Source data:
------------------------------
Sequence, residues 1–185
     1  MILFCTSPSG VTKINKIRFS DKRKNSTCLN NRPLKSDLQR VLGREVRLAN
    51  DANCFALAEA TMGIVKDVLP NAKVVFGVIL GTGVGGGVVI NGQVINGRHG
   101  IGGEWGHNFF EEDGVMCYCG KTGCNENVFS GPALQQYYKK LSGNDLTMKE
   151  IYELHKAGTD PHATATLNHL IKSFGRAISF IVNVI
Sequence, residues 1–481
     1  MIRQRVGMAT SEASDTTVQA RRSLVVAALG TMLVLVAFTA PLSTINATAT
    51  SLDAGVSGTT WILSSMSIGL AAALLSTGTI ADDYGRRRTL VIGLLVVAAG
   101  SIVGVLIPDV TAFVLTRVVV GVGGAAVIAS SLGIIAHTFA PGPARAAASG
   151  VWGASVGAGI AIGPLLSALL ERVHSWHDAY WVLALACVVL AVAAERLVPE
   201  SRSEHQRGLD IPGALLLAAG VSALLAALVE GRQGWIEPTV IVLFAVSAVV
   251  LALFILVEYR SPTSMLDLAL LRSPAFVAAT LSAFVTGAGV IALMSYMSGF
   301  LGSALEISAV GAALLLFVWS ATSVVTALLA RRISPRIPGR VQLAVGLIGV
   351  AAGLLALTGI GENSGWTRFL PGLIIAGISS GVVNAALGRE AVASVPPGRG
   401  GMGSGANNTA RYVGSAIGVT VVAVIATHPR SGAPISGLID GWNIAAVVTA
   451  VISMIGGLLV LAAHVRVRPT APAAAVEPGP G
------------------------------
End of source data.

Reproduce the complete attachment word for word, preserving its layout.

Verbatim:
Sequence, residues 1–185
     1  MILFCTSPSG VTKINKIRFS DKRKNSTCLN NRPLKSDLQR VLGREVRLAN
    51  DANCFALAEA TMGIVKDVLP NAKVVFGVIL GTGVGGGVVI NGQVINGRHG
   101  IGGEWGHNFF EEDGVMCYCG KTGCNENVFS GPALQQYYKK LSGNDLTMKE
   151  IYELHKAGTD PHATATLNHL IKSFGRAISF IVNVI
Sequence, residues 1–481
     1  MIRQRVGMAT SEASDTTVQA RRSLVVAALG TMLVLVAFTA PLSTINATAT
    51  SLDAGVSGTT WILSSMSIGL AAALLSTGTI ADDYGRRRTL VIGLLVVAAG
   101  SIVGVLIPDV TAFVLTRVVV GVGGAAVIAS SLGIIAHTFA PGPARAAASG
   151  VWGASVGAGI AIGPLLSALL ERVHSWHDAY WVLALACVVL AVAAERLVPE
   201  SRSEHQRGLD IPGALLLAAG VSALLAALVE GRQGWIEPTV IVLFAVSAVV
   251  LALFILVEYR SPTSMLDLAL LRSPAFVAAT LSAFVTGAGV IALMSYMSGF
   301  LGSALEISAV GAALLLFVWS ATSVVTALLA RRISPRIPGR VQLAVGLIGV
   351  AAGLLALTGI GENSGWTRFL PGLIIAGISS GVVNAALGRE AVASVPPGRG
   401  GMGSGANNTA RYVGSAIGVT VVAVIATHPR SGAPISGLID GWNIAAVVTA
   451  VISMIGGLLV LAAHVRVRPT APAAAVEPGP G